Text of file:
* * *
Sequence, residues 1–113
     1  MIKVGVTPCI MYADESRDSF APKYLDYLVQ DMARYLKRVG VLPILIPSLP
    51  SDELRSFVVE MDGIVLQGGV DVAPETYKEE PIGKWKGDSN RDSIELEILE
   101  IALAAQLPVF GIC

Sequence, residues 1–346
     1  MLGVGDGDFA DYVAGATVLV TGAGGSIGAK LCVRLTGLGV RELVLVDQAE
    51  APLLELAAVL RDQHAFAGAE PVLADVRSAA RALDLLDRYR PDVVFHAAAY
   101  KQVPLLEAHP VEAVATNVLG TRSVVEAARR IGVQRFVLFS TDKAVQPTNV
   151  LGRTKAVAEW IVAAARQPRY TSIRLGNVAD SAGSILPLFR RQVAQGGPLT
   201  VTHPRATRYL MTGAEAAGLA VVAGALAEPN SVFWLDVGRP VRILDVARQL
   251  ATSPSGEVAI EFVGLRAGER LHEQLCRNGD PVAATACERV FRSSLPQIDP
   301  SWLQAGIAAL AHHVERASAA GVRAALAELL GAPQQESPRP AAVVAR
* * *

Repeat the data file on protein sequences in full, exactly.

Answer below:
Sequence, residues 1–113
     1  MIKVGVTPCI MYADESRDSF APKYLDYLVQ DMARYLKRVG VLPILIPSLP
    51  SDELRSFVVE MDGIVLQGGV DVAPETYKEE PIGKWKGDSN RDSIELEILE
   101  IALAAQLPVF GIC

Sequence, residues 1–346
     1  MLGVGDGDFA DYVAGATVLV TGAGGSIGAK LCVRLTGLGV RELVLVDQAE
    51  APLLELAAVL RDQHAFAGAE PVLADVRSAA RALDLLDRYR PDVVFHAAAY
   101  KQVPLLEAHP VEAVATNVLG TRSVVEAARR IGVQRFVLFS TDKAVQPTNV
   151  LGRTKAVAEW IVAAARQPRY TSIRLGNVAD SAGSILPLFR RQVAQGGPLT
   201  VTHPRATRYL MTGAEAAGLA VVAGALAEPN SVFWLDVGRP VRILDVARQL
   251  ATSPSGEVAI EFVGLRAGER LHEQLCRNGD PVAATACERV FRSSLPQIDP
   301  SWLQAGIAAL AHHVERASAA GVRAALAELL GAPQQESPRP AAVVAR